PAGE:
If I Had a Hammer

VChoice — By on March 9, 2017 4:36 PM
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Get your hands dirty, pick up a hammer and make your own stool

By Jody Yu

With its name painted in bright red on four rough steel plates, carpentry workshop Chingchun Warehouse fits in well among the cluster of grungy garages and car repair shops in To Kwa Wan’s 13 Street area.

After the sun has set on Fung Yi Street and all of the other shops have rolled their gates down, a yellow light illuminates the little workshop and 82-year-old carpenter Master Lung Chun begins his lesson inside.

Yan Yung, 30, one of the co-founders of Chingchun Warehouse, met the veteran carpenter in To Kwa Wan after she came back to Hong Kong from a one-month carpentry course in Taiwan. Their enthusiasm for the craft brought them together and they started Chingchun Warehouse in 2014 to promote the joys of carpentry.

Master Lung at work.

Master Lung at work.

They first established their workshop in an industrial building in the area, but they were forced to leave because neighbours complained about the noise they made when wedging and ramming. In the end, they found their home on 13 Street. Yung hopes to interact with their community through carpentry, and has made stools to give away to their neighbours and people living in the area.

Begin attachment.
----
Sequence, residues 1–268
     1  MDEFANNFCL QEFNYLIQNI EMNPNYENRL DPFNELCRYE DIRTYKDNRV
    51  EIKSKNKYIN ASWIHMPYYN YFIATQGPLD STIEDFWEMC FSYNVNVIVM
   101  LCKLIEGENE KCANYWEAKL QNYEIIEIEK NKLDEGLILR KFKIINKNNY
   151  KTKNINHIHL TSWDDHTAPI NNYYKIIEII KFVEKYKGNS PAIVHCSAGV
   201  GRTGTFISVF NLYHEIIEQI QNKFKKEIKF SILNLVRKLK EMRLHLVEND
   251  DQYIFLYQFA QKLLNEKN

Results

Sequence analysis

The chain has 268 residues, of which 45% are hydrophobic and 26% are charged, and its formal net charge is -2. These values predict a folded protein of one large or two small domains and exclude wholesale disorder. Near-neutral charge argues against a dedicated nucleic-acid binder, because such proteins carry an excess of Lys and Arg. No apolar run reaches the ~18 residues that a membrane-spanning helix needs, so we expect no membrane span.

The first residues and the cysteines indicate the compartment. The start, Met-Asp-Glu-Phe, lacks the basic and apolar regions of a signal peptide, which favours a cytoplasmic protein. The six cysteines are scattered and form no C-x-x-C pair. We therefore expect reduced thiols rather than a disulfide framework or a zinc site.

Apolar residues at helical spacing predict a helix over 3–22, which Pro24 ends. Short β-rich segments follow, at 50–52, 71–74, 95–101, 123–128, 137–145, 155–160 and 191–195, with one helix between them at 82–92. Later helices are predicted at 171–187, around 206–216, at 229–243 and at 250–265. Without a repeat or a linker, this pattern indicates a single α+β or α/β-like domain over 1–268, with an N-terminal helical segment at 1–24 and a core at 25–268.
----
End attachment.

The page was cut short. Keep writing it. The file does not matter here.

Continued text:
Chingchun Warehouse offers both short-term and long-term courses, and charge around HK$200 for each three-hour session. In the short-term course, which consists of four sessions, students are taught how to make a wooden bench. The classes are usually held on Saturday afternoons or Monday evenings.

The long-term courses provide a more in-depth knowledge of carpentry. First, you will learn the proper usage of different tools. Then, you will learn basic carpentry skills such as tenoning, which is a way to make joints without the use of nails. Students can also work on their own projects, like toolboxes. Usually, a long-term course has 12 sessions.

How to make other items, such as tables and wooden toys, can also be taught on request.

Carpentry takes a lot of time and patience, but that’s the point.  “We hope to see our students enjoying the whole process and relaxing instead of rushing to come up with the final product,” says Yung.

While it can be fun, Yung warns that carpentry is also physically demanding. Instead of treating it as any other hobby, Yung says potential students need to be persistent in order to make progress.

For more details, search 青春工藝 chingchun warehouse on Facebook.

Edited by Maggie Suen

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